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I am developing something like 1Password and I want to be sure that method that I use is secure. Main idea of the app is storing user passwords, and is protected with a global master password. Main scope of this post is to be sure that algorithms and logic will protect user's sensitive data from brute force, rainbow table attacks, even with special ASIC hardware

Algorithm

**All generated data are using secure random generating_random_data

Creation

  1. User define a Master Password
  2. I generate random Master Key, secret high entropy key
  3. I generate random Master Salt, this is not secret and will be appended to final public binary
  4. Derive using Argon2id from Master Password and Master Salt, 96 bytes

    • 32 bytes Derived Key
    • 32 bytes Derived Hash
    • 32 bytes Derived Salt
  5. Hash using Blake2b from Derived Hash and Derived Salt and name result Pre Hash

  6. Hash using Blake2b from Pre Hash and name result Public Hash, this hash is not secret and will be appended to final binary file
  7. Encrypt using Authenticated encryption XChaCha20Poly1305Ietf -> Master Key, with previously Derived Key and name result as Public Encrypted Master Key
  8. Save into a Public binary file Master Salt, Public Hash, Public Encrypted Master Key

Opening

  1. Read Master Password from user's input
  2. Read Master Salt from user's Public binary
  3. Derive using Argon2id from Master Password and Master Salt, 96 bytes

    • 32 bytes Derived Key
    • 32 bytes Derived Hash
    • 32 bytes Derived Salt
  4. Hash using Blake2b from Derived Hash and Derived Salt and name result Pre Hash

  5. Hash using Blake2b from Pre Hash and name result Public Hash
  6. Compare Public Hash from step 6 with saved in Public binary Public Hash that was previously saved in step 8 when created
  7. If NOT equal throw invalidPasswordOrCorruptedData
  8. If equal Decrypt using Authenticated encryption XChaCha20Poly1305Ietf -> Public Encrypted Master Key with previously Derived Key from step 4 and name result as Master Key
  9. Use Master Key to encrypt and decrypt user's sensitive data

Summary

From above logic it is clear that we encrypt Master Key with derived data from user's password and then use that Master Key to encrypt all other sensitive data

Questions

  1. Is this logic enough for protecting user's secrets ?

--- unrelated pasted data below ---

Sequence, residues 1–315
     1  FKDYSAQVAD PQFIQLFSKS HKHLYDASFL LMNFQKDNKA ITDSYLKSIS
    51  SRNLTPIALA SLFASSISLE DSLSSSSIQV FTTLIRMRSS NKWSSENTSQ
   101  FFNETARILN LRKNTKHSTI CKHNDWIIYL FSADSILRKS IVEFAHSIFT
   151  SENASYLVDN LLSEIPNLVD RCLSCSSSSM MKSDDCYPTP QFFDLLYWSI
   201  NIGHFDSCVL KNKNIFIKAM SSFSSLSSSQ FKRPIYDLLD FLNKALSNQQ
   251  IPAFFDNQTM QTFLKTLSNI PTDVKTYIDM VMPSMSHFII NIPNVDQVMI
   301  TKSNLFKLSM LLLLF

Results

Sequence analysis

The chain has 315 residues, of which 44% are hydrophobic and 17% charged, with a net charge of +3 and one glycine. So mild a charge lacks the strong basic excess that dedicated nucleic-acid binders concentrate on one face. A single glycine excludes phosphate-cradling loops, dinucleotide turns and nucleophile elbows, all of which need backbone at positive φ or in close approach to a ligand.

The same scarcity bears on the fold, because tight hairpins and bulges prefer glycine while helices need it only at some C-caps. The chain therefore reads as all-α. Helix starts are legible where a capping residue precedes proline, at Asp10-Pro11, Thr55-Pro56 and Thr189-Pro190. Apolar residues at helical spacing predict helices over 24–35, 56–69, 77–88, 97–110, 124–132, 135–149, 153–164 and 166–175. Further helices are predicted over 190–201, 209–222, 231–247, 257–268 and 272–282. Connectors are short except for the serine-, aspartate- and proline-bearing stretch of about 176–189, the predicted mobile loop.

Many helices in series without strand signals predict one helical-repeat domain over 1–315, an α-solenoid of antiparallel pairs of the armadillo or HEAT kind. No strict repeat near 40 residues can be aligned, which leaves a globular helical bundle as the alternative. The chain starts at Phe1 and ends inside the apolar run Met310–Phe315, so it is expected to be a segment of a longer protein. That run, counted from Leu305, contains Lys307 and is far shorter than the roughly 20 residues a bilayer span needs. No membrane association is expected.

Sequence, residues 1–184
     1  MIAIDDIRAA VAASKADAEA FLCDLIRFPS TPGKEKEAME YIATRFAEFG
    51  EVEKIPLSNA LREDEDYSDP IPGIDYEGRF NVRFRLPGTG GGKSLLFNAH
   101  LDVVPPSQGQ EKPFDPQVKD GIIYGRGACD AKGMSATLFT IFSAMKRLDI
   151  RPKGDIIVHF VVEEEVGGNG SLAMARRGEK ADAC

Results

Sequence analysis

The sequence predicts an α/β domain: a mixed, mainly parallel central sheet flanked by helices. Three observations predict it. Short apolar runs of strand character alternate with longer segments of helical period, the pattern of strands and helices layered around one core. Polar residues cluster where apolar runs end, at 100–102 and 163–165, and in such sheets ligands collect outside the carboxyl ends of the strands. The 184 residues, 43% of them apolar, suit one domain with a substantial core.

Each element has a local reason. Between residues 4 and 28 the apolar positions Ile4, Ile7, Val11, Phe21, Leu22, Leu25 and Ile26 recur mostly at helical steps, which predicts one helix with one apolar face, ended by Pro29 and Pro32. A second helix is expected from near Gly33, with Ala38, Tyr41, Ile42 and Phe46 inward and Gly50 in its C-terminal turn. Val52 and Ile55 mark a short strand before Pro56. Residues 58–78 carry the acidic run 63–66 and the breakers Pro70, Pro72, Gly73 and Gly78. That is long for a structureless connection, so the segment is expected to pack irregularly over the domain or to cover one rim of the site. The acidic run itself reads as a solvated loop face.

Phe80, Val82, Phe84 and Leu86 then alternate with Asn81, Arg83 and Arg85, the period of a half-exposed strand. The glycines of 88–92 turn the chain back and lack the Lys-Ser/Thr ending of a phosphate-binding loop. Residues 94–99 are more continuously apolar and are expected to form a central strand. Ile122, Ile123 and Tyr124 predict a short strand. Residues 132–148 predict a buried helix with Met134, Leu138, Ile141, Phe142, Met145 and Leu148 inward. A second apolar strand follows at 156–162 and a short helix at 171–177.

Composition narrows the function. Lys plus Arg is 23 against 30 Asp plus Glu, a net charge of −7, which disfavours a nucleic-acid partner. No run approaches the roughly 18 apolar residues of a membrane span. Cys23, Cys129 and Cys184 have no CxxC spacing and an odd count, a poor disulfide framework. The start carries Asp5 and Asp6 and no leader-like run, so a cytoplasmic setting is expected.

2. Will it protect from brute force, rainbow table attacks ?
  3. Are there any steps that must be eliminated or useless ?

Remarks

I am using libsodium, swift-sodium for all crypto operations, and follow libsodium's best practice and suggestions

By default I am using 10 iterations and 64M of RAM for argon2id

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    $\begingroup$ Why are you developing something like 1Password? Why not help develop 1Password (or similar)? $\endgroup$ – user2768 Apr 5 '18 at 10:26
  • $\begingroup$ @user2768 I see the biggest problem with 1Password is the subscription model. While on the surface this sounds good there is a limit of how many subscription models I can handle, the minimum for 1Password is $36 or $60/yr and I must use their server. I am currently grandfathered in but that may change in the future. The problem I have with umbri is security experience, it must be secure and that is not easy. An alternative must have starting power and support. $\endgroup$ – zaph Apr 5 '18 at 11:54
  • $\begingroup$ @zaph The subscription model is certainly an issue for some (typically online) password managers, but some (typically offline) password managers do not suffer from this, e.g., KeePass, Roboform, Password Safe, ... (See en.wikipedia.org/wiki/List_of_password_managers for a long list of password managers.) $\endgroup$ – user2768 Apr 5 '18 at 12:07
  • $\begingroup$ @user2768 I think that Password Manager must be open source and open for code review, and not a black box, that somehow is working $\endgroup$ – umbri Apr 5 '18 at 12:22
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    $\begingroup$ @umbri Many password managers are open source and can be reviewed. Some aspects of such password managers can no doubt be improved, but this doesn't necessitate an entirely new password manager, it suffices to identify issues and fix them. Hence, your efforts might be better placed on an existing open source project, rather than a new project. $\endgroup$ – user2768 Apr 5 '18 at 12:36

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